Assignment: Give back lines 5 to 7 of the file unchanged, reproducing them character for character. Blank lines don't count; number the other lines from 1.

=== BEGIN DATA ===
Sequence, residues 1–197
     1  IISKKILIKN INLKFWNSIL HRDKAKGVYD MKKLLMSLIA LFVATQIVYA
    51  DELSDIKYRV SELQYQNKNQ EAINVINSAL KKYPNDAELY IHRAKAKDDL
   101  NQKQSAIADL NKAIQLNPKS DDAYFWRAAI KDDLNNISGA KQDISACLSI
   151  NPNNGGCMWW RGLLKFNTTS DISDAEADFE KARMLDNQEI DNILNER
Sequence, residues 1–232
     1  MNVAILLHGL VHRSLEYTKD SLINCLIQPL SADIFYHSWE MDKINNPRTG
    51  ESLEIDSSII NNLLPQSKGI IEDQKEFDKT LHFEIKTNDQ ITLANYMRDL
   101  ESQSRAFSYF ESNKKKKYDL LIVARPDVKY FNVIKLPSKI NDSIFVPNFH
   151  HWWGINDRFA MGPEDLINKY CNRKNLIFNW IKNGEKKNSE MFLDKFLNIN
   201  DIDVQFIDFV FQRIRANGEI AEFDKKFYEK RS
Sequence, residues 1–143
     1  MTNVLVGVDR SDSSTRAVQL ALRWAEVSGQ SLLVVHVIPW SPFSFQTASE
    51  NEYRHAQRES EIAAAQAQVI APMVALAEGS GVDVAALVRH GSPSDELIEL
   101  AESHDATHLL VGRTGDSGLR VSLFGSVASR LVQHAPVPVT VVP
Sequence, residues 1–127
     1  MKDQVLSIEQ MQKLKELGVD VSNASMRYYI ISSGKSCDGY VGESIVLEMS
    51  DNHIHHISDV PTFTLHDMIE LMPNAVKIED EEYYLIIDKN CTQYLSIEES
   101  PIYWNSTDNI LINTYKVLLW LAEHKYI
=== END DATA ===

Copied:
   151  NPNNGGCMWW RGLLKFNTTS DISDAEADFE KARMLDNQEI DNILNER
Sequence, residues 1–232
     1  MNVAILLHGL VHRSLEYTKD SLINCLIQPL SADIFYHSWE MDKINNPRTG